The past few years have brought a lot of attention to several high-profile hacking attempts against big name companies and government agencies. However, some might not be aware of the more common cyber attacks that occur every day, and primarily target individuals and SMBs. The two are not mutually exclusive, and many smaller and mid-sized organizations may be chosen because of the expectation that they will have a harder time protecting themselves.
Perhaps the most widespread goal among the majority of breach attempts is the acquisition of login credentials. Password cracking is often the first step to compromising a system as it allows an attacker access to privileged data. There are many different techniques employed by hackers to discover passwords, quite a few of which require only a certain amount of effort and can be carried out repeatedly.
Socially engineered attacks are becoming one of the most popular new methods for illegally collecting digital information in the current era of the Internet. Cybercriminals are increasingly devoting efforts to studying potential victims and predicting their habits. These types of attempts involve building a delivery system that will not immediately raise suspicion while also usually communicating a sense of urgency. This includes messages from coworkers or c-level officers asking for financial transactions for company purposes, or government agencies threatening legal consequences if their orders are not quickly followed.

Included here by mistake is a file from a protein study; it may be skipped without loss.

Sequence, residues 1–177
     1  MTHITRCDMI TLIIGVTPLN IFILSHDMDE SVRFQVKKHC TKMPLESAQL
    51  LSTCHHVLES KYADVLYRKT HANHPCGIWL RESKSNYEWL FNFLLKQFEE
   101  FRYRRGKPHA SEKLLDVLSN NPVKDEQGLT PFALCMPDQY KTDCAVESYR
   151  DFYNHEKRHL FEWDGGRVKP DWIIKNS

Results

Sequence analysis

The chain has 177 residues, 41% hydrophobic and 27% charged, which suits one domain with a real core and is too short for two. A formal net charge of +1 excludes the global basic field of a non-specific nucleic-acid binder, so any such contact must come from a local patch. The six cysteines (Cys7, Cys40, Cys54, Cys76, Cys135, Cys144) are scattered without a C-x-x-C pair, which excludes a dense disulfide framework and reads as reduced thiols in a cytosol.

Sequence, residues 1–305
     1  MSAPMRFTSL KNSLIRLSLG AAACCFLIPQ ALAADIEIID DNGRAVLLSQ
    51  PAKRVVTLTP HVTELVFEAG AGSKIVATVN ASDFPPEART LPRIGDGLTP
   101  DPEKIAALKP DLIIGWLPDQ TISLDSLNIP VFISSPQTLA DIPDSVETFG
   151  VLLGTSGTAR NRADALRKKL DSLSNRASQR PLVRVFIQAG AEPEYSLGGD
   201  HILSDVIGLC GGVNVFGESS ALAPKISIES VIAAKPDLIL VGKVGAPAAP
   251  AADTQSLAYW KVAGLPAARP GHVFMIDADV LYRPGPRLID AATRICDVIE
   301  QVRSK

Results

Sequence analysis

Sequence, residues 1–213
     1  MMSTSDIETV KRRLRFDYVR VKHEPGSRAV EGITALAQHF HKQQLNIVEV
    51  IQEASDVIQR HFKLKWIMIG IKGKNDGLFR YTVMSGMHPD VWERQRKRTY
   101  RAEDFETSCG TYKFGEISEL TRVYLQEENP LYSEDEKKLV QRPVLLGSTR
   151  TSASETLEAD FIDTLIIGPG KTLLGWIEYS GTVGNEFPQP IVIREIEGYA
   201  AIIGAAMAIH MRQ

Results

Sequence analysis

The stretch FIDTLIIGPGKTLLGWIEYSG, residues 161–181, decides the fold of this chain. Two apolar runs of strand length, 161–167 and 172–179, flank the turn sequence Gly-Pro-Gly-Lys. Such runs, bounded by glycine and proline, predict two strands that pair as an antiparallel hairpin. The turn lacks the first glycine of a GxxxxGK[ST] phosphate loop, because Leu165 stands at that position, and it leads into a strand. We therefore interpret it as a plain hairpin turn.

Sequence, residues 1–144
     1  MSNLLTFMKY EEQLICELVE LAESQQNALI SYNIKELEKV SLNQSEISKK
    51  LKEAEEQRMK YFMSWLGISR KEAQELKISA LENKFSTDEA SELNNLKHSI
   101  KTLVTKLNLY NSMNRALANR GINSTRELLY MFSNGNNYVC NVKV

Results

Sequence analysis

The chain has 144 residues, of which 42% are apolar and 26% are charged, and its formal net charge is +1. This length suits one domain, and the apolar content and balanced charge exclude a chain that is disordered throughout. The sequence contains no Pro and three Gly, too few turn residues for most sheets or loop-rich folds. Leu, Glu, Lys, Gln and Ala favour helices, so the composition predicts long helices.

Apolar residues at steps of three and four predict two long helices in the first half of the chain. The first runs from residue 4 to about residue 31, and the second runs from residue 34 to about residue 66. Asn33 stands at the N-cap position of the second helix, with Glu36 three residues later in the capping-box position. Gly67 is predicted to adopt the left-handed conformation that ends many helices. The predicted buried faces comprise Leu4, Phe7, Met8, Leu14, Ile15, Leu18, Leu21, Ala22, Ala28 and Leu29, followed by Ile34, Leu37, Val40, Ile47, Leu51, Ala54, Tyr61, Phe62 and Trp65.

Phishing emails are fairly ubiquitous now and are not always easy to spot, and even an accidental click on a message that gets past spam filters can leak information. Spear phishing is a particularly dangerous form of a socially engineered attack that is tailored towards a specific individual, often a gatekeeper for greater access to a company’s data. Using information that is available online, hackers can build messages that their victims are more likely to take seriously.
Social media provides an easy way for attackers to identify and study potential targets as people often give away too much of their personal information through their public profiles, including company details. However, social media can also be a vector of attack for malware through fake friend requests or third-party applications.
Attackers also often use fake webpages to spread malware, and even if someone manages to avoid clicking suspicious links in spam emails, there is a chance that they will come across one while surfing the Web. Socially engineered malware adds another danger with websites set up to trap particular individuals based on their preferences. If these sites are visited from a company computer with software that is not fully patched, then the entire network may become infected.
Cyber attacks are becoming more common with each year and they are only going to increase. More frequent, lower-profile threats are growing in popularity among hackers and attempts against SMBs are going to become commonplace. You should find out how safe your business really is with a Network Vulnerability Test, and you can even educate employees to detect these phishing attempts described above with our Phishing Defender service.